Usually on Saturday morning I get up early, crash and bump my way the hour or so to the outskirts of Nairobi to the Indu Farms processing plant to pick up the vegetables for Mary’s place and for the several hundred orphans in Machakos. Then I crash and bump my way for another hour and a half or so with a bed piled high with blue crates full of produce, mostly French beans, sugar snaps, and snow peas, to Machakos.
I drop some off at Springs of Hope, Mary’s place, then take the bulk to a Presbyterian church across town, pick up the empty crates from last time, and take them back to Mary’s. If the kids are outside, I get crawled over, tugged at, hugged on, Gulliver-style, visit with Mary and Laura, maybe have some lunch, and then crash and bump my way back home to Lukenya.
But last Saturday I was very late with the delivery, and got to Mary’s about 4:30 pm. As odd as it might seem, I had never really seen the distribution of the vegetables. I was always long gone by the time it happened. But this Saturday afternoon, everyone had gathered and the routine, anonymous vegetable drop became a face-to-face encounter with the beneficiaries.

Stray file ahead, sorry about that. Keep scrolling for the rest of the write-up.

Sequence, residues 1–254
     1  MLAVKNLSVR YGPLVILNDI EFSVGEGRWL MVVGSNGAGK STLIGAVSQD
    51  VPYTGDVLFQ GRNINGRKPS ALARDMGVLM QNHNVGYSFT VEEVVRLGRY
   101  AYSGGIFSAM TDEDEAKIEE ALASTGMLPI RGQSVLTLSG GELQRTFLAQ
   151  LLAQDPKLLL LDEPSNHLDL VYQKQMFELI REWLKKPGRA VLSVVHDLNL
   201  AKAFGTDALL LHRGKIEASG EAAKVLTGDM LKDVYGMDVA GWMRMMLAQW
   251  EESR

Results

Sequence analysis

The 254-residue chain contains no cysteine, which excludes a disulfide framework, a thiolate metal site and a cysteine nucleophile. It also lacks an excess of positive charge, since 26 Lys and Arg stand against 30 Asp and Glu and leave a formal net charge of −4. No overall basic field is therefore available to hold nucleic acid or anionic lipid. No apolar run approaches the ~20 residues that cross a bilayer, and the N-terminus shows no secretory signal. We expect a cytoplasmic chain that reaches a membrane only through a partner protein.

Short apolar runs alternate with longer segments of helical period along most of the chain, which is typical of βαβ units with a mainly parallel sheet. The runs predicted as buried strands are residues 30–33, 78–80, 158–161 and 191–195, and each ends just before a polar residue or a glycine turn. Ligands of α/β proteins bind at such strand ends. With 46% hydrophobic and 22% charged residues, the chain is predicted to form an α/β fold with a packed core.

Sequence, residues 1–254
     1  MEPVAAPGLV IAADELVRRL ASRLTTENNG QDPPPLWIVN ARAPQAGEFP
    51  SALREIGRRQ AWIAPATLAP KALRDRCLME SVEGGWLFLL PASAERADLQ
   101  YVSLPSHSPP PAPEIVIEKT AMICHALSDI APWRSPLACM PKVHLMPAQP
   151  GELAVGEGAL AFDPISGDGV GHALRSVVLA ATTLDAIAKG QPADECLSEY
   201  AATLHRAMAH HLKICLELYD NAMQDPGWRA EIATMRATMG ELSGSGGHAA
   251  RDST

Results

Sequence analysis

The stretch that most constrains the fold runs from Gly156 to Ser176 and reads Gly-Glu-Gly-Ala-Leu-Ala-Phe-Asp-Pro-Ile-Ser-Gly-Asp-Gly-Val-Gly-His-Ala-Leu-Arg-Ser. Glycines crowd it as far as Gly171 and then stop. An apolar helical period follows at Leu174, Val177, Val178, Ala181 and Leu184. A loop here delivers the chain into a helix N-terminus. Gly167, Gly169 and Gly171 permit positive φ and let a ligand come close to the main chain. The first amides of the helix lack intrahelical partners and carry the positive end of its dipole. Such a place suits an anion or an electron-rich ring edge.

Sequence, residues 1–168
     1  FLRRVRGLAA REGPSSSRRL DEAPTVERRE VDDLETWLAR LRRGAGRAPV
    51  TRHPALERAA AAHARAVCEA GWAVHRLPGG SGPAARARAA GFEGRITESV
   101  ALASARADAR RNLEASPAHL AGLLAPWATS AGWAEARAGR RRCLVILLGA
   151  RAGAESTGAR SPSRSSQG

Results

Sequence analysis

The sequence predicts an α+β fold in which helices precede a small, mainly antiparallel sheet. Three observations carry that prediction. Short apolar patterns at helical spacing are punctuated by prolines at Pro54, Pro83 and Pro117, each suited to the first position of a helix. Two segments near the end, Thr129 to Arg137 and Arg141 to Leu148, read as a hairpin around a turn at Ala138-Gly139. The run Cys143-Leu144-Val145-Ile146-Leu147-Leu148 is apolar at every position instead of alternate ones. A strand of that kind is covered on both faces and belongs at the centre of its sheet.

Every child here is either a double orphan (both parents gone), a single orphan, in a child-headed household, or has been identified as being seriously at risk [absent, abusive or extremely neglectful parent(s)], each has been registered and his/her situation documented.
Each adult present is the guardian (often the grandmother) of one or more of the orphans, and is given the vegetables only if the child is present. These measures are necessary, of course, to insure that the neediest get the food.
Everyone brings a bag or a basket and gets about 2 kilos, about 4.5 pounds, of beans and peas. Sometimes there are passion fruits and avocados as well.
When I got to the church there were two or three hundred people waiting, and when I drove slowly in, everyone started cheering and clapping. It was a little embarrassing and a lot overwhelming. They had been waiting for a while and let loose when the goods arrived.
My usual in-and-out-no-one-there vegetable drop off had become something quite different for me. Children, faces, bags, excitement… a clearer picture. I didn’t get any photos of the real good commotion, but did manage these after things settled a little.
Some of the guardians of the miniature hordes
Some things to think about the next time you see a French bean.
Yours for clearer perspectives,